Couples spending time together

In an email about her husband going on a short vacation on his own (to get baseball player’s autographs) my best friend just said, “One nice thing about our marriage is that we give each other our space.” You know, I keep hearing that “space” and “your own interests” are important in a marriage, but I don’t see it, at least not yet.

Rick and I have been married for only 7 months, so maybe this will change, but right now, we spend almost all of our free time together. This weekend, for example, we went shopping together, to an ice skating show together, to the gym together, and to meals out together. We plan to go bowling this afternoon together. There is a mix of my interests (ice skating) and his (bowling) and then errands like shopping. We are both willing to work slightly longer hours so that we can commute to work together (a half hour or so drive). We even shower together every morning. Frankly, the only time we are alone is when one of us is surfing, which is hardly ever more than an hour or so, or when we are at work.

I think some people would say that this is too much, but it seems to work well for us. We get along wonderfully.

I guess my questions are these: I know that for some people space works and that is wonderful for them. Why, though, do you always hear that space in a marriage is good, with the implication being that it is good for everyone’s marriage? How much time do you spend away from your SO and how does that work for you? I guess I am hoping to find someone married for years who still enjoys their SO’s company as much as Rick and I like each others’ company.

Well, my wife and I have been married over 21 years, and together for nearly 30. We still enjoy each other’s company, and don’t take separate vacations (other than the occasional trip Mrs. Mercotan takes to see her folks when I can’t take off work). So I guess we fall into the category you’re looking for.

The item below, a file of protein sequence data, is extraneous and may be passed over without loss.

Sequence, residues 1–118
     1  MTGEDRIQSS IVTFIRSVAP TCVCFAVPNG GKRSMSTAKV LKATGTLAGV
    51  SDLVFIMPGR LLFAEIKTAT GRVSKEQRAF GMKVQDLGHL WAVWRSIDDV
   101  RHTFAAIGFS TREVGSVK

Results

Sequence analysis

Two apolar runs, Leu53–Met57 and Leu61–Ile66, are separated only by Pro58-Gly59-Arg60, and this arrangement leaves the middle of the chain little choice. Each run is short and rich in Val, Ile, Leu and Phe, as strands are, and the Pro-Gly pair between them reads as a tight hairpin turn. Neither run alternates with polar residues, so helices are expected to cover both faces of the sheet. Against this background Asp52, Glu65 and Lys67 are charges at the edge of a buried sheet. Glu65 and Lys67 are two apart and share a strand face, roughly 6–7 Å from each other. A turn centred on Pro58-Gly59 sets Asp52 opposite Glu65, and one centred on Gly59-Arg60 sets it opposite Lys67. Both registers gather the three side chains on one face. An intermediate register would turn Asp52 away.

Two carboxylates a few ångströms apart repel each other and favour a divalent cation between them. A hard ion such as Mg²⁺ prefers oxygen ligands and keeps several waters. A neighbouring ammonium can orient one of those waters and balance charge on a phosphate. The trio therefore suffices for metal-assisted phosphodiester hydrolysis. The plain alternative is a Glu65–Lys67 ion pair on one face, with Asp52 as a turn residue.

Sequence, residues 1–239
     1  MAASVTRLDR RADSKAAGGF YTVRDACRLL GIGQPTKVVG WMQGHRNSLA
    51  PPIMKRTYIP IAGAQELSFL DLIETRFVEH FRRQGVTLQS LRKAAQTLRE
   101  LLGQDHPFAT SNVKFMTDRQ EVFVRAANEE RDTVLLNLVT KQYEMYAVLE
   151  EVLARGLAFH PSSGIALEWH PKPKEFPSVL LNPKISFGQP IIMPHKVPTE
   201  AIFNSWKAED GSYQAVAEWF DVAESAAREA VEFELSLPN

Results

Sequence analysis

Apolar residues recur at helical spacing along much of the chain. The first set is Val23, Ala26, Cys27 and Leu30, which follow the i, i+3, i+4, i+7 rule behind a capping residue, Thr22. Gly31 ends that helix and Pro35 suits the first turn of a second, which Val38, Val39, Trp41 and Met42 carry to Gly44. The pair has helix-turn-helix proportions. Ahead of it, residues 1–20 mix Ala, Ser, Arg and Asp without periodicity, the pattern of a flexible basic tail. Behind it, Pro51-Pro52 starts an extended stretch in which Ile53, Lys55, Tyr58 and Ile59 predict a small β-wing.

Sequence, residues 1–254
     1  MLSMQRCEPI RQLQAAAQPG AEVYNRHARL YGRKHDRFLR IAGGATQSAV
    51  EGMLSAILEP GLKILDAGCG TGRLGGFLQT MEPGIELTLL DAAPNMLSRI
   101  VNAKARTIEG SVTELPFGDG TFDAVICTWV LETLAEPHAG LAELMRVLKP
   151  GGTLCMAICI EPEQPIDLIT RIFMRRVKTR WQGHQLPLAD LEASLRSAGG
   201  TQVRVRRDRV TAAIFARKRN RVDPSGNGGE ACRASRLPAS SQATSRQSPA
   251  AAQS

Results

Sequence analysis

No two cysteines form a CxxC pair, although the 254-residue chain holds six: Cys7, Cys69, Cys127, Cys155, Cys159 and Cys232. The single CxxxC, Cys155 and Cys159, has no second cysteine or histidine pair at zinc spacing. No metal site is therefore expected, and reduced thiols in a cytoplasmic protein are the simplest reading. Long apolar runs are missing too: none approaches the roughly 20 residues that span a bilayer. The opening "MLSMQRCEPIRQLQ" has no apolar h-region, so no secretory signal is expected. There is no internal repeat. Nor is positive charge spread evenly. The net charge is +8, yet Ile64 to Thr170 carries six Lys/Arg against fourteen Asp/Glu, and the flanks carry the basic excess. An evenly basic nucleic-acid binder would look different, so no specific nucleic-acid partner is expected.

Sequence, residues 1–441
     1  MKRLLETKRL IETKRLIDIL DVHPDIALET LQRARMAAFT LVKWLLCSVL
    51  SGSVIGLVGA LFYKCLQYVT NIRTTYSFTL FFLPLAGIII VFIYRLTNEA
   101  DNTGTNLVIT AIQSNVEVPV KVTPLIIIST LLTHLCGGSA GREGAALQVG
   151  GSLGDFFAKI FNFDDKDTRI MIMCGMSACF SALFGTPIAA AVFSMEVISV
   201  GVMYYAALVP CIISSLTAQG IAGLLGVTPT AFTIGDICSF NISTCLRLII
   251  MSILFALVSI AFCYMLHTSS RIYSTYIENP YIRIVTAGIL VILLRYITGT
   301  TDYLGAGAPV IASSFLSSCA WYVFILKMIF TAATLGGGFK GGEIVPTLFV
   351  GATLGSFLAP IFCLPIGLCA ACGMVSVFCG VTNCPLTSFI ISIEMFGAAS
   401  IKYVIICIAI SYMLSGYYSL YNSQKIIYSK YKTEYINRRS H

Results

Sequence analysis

But I must say we do take plenty of time apart in our day to day lives outside work. She’s got her friends and activities, same for me, then we have our friends and activities. We are definitely not in a perpetual state of “coupleship”. Been there, done that, nearly poisoned the relationship permanently.

To survive longterm as a couple, the two people involved must be able to recognize that she’s got her stuff, he’s got his stuff, they they’ve got their “couple” stuff. People that try to put everything into the “coupleship” generally either don’t last or learn they’ve got to change. I still find my wife more fascinating and enjoyable because we do have different interests.

Oh, and everything changes as soon as you have kids, so don’t be too sold on the “ideal” way things work for you now, anyway.

Good luck, and I hope you continue to enjoy the honeymoon period for a long time!

Thanks for the reply and the good wishes. We won’t be having children, but aside from that, your reply was the kind of thing I was looking for. If you don’t mind me asking, why or how did being in a perpetual state of coupleship almost poison the relationship? That’s the part I don’t get–at least not yet–and I sort of hope I never will. I like this couple stuff. :smiley:

I think it’s because, in general, it’s not healthy to be too dependent on each other. You can’t have a healthy relationship if you couldn’t live without each other, because if you can’t live without each other, you aren’t chosing to be with another person, you are forced to be with that other person. If you feel like you have to be with another person, you’ll do anything: lie, cheat, steal, change who you are, in order to keep them, in the same way that you’d do anything to get food if you were starving to death. It implys that even if they other person becasme a monstor and started abusing you, you’d stay, because you’d have to: you need them.